In contrast to my Win7 experience (and after a week of using Win7, I can say it is an excellent OS), is my Word/Office 2010 experience. One was a breeze, the other torture. 

As an editor I rely on Microsoft Word. It’s not because I love Word, but because my clients demand it. It brings a certain amount of standardization to manuscript processing and allows more forward-thinking clients to design templates for editors (and authors) to use. Also, Word comes with a fairly robust macro programming language, VBA (Visual Basic for Applications), which lets me, as well as clients, create efficiency enhancements. EditTools, discussed in The 3 Stages of Copyediting: II — The Copyediting Stage, is a good example of what can be done with VBA to make editing more efficient. I have invested lots of time, effort, and money into creating macros to better the editing process and into customizing Word to make it work most effectively for the job of editing. Word 2003 works beautifully for me in this regard.

Then came Word 2007 and Microsoft’s changes to how Word works. It was like going from Shangri-la to a Tim Burton nightmare. I tried it and it was so bad I passed on it. What took seconds in Word 2003 took minutes in Word 2007. Customizing the ribbons in 2007 was not easily done. I had to buy a book that discussed nothing else but how to reprogram the ribbons. After seeing how difficult customization was and how much more time it was taking to work in Word 2007, I junked the program (and fervently prayed that Microsoft would do the same!).

But I began noticing an increase in the number of manuscripts I was receiving that had been created in Word 2007. The temporary solution was Microsoft’s free converter, but it wasn’t a great or complete solution. So I waited for Word 2010 because Microsoft said the ribbon would be customizable. It is, but so what — it still isn’t easy to use if you have any long-term experience with Word.

Remember WordPerfect and WordStar? The transition from either program to Word was a cakewalk compared to the transition from Word 2003 to Word 2010. It is bad enough that Microsoft has decided it knows better how I should use Word than I do, but it also changed how macros are accessed and how they need to be written. So now I have hundreds of macros that need to be rewritten, I have ribbons with useless commands on them, and I have ribbons that can’t be removed and replaced with something more logical. Why, Microsoft, do you insist on torturing me? You could have made it a seamless transition. You could have given me the option to retain the Word 2003 setup. At minimum, you could have retained the VBA basics so that macros don’t need to be rewritten. Hours of work await me.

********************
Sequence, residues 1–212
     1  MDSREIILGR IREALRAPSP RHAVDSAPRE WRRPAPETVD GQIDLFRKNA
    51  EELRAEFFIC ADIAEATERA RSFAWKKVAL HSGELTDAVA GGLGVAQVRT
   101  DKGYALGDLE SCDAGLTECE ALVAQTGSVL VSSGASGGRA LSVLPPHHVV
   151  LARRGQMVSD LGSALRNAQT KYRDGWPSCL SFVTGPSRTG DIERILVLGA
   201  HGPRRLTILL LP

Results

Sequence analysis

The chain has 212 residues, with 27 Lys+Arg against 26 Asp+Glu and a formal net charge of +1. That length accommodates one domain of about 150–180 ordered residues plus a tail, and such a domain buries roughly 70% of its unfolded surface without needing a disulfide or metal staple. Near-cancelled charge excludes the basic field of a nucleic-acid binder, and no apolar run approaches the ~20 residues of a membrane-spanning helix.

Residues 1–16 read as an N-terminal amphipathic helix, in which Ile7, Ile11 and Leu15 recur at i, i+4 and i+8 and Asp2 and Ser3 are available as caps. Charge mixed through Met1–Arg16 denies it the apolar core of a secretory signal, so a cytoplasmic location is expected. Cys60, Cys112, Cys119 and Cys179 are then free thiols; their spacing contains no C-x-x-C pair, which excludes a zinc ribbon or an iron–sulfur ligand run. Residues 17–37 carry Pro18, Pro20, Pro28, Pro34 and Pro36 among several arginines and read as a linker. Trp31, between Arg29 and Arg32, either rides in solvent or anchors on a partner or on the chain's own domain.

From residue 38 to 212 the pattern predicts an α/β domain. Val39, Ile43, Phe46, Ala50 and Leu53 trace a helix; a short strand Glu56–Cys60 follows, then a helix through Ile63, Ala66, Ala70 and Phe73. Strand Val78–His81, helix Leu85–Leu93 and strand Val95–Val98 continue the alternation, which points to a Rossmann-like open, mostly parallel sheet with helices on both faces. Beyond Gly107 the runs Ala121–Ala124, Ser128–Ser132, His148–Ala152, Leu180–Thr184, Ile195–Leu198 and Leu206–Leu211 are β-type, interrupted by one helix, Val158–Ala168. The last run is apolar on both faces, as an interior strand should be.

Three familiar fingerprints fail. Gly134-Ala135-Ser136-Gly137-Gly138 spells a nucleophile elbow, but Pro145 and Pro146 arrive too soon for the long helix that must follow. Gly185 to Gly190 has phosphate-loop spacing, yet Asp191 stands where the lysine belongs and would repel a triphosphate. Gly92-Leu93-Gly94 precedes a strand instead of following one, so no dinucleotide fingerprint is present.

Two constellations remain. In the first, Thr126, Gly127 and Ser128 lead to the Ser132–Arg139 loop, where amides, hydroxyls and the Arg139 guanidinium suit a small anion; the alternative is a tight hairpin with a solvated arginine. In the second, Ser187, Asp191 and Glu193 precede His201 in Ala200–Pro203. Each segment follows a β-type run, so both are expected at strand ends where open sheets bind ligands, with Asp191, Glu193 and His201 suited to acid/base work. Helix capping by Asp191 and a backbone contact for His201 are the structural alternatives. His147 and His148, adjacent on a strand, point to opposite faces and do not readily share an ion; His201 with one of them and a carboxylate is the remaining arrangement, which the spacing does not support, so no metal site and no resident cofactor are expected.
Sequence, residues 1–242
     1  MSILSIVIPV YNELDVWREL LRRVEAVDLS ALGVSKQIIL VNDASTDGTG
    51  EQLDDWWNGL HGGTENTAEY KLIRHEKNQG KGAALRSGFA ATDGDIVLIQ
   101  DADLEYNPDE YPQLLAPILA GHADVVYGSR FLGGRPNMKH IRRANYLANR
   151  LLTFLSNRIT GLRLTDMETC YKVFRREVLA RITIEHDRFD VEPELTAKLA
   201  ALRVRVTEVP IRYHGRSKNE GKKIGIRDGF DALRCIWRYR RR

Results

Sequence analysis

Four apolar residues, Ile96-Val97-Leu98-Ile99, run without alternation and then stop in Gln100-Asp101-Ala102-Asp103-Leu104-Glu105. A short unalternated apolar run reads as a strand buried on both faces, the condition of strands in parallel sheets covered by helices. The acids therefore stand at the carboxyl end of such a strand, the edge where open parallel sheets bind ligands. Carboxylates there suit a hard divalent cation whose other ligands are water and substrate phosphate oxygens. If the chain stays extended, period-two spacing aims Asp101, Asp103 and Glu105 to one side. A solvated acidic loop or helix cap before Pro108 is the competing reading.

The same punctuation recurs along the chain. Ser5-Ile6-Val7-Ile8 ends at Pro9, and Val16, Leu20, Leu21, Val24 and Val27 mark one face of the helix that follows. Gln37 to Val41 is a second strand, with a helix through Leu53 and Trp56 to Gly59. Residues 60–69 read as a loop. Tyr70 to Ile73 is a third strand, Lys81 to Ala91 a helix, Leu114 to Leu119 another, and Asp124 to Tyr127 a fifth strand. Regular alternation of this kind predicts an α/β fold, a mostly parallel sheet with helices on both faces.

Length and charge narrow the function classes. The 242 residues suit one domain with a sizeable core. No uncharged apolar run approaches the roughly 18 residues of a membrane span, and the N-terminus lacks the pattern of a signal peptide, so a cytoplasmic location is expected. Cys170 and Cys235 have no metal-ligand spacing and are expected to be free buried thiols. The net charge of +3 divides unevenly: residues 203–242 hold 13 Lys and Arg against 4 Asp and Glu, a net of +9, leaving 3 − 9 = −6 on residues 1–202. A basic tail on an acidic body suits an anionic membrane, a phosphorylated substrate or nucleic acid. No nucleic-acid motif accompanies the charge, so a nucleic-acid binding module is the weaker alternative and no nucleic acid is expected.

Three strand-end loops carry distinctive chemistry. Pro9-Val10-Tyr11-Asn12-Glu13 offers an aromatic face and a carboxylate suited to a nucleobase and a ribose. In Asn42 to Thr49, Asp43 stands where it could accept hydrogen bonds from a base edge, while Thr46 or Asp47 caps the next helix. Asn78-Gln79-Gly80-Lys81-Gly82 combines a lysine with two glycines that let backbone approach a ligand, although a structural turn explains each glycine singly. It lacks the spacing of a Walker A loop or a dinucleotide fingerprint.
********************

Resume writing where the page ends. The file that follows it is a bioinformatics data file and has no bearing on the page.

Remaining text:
What Microsoft has done, besides making my life significantly harder, is typical of big business thinking: paternalism at its worst. Word 2010 is probably a truly wonderful program for the person new to Word or to the person who does simple things with a word processor — or, as seems to be true for many authors, the person who likes to play with formatting every line and character. But for the advanced user and for the user who has invested time and money into customizing Word to make it functional for his or her business, it is a nightmare, perhaps even a catastrophe in the making, at least until sufficient time has passed using it to make peace with the new paradigm and to get necessary macros rewritten. I suspect that 6 years from now, when Word 2016 is released and I need to upgrade again, I’ll be writing the same complaint yet again.

Microsoft truly knows how to make friends of its customers!

(Addendum: As I am discovering, there are signifcant changes in Win7 from WinXP, including where things are located and terminology. Consequently, I decided to buy a third-party manual. For Win7, I bought Windows 7: The Missing Manual [ISBN 978-1-596-80639-2] by David Pogue, the New York Times tech columnist. I spent several hours at my local B&N comparing Win7 books and decided that this was the best of the lot; plus it is an O’Reilly book, which usually means good quality.

Similarly, I decided that if I am going to make the transition from Word 2003 to Word 2010, I better get some help. So I also spent time with Word 2010 books and settled on these two: Microsoft Office Word 2010 QuickSteps [ISBN 978-0-07-163487-8] by Marty Matthews and Microsoft Word 2010 on Demand [ISBN 978-0-7897-4281-0] by Steve Johnson. The book I want but haven’t yet found is one that provides comprehensive coverage of Word 2010 macro writing.)